@2 on another page Sunny complains about the government’s scaremongering about the economy. Here he publishes a part of a press release designed to grab media attention by focusing on nebulous measures of consumer confidence.

It’s hypocrisy plain and simple.

Why it’s sad is that there is a different story to tell about the UK economy. One where the economy is changing, driven by longer-term dynamics in both the country and the globe, managed and mis-managed by the bigger actors (the state, corporations etc), as well as contingency. I work in that field.

Precisely none of this is reflected in the garbage I read in the newspapers. The vast majority of economic news published is driven by perceived short-term political gain of those promulgating the news (see above).

.@ AnotherTom

I don’t think there is anything inconsistent from Sunny in saying the government have been indulging in scaremongering and then posting evidence of the effect of that scaremongering. Expectations really do matter and the leaders of the government are almost equal with the governor of the BoE in their influence on expectations.

@5 there is a danger here of semantic arguments based on different bullsh*t but here goes anyway.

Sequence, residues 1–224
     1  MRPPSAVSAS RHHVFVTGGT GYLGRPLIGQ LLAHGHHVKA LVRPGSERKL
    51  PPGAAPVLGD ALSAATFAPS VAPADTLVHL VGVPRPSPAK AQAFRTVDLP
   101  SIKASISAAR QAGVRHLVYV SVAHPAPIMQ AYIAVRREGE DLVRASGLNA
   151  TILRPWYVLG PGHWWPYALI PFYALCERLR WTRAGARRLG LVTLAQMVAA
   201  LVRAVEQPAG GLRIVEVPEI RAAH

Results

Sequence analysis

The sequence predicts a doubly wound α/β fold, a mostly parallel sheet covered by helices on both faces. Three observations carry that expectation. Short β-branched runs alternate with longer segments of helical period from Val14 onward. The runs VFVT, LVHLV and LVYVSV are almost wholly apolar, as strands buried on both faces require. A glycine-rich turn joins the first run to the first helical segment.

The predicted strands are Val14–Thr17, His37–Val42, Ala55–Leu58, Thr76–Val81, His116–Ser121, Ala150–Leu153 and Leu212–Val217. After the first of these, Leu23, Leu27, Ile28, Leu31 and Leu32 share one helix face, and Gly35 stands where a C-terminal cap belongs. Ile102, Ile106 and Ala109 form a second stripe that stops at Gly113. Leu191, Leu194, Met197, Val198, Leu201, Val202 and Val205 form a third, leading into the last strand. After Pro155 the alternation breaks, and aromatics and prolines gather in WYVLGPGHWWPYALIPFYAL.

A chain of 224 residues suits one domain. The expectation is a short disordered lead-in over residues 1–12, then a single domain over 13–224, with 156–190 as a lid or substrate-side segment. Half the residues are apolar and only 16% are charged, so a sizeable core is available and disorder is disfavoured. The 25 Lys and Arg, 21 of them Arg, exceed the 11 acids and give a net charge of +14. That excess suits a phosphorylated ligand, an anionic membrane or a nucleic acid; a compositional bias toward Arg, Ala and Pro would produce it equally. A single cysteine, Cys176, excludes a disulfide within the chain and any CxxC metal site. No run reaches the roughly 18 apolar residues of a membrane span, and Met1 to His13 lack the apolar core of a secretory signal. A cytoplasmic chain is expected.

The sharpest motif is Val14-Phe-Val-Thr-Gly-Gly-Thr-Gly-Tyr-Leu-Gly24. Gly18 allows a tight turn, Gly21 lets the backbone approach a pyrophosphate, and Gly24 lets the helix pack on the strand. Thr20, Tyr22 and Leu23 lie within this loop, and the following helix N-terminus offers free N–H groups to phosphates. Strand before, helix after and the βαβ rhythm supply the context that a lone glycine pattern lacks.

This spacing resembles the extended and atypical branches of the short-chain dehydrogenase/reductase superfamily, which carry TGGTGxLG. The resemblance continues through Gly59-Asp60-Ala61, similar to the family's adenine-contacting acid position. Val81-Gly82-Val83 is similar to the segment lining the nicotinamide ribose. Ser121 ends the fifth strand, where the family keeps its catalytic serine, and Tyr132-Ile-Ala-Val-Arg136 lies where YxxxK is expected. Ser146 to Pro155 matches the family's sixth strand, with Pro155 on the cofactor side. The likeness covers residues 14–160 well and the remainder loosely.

So, Sunny can make strident accusations against the government about their scaremongering but when he does it himself (and republishing press releases from commercial organisations is the epitome of such a tactic) this is OK because this somehow measures the effect of the government’s behaviour?

Please. It’s much simpler than that.

It’s “scaremongering” when it’s done by someone Sunny doesn’t like and says something he doesn’t like to hear. It’s useful information when it has the effect he wants.

This is the world we live in but it sticks in my throat when it’s done in the name of idealism.

7. Charles Wheeler

“Turns out promising austerity, deep cuts and threats of high unemployment doesn’t make people feel confident about the future.”

It’s almost as though the govt. wants an economic downturn as an excuse for further cuts. . .

They are in the paradoxical position that an upturn in the economy and confidence/expectations will undermine the justification for further cuts. A pessimistic outlook is essential to scare people into acceptance.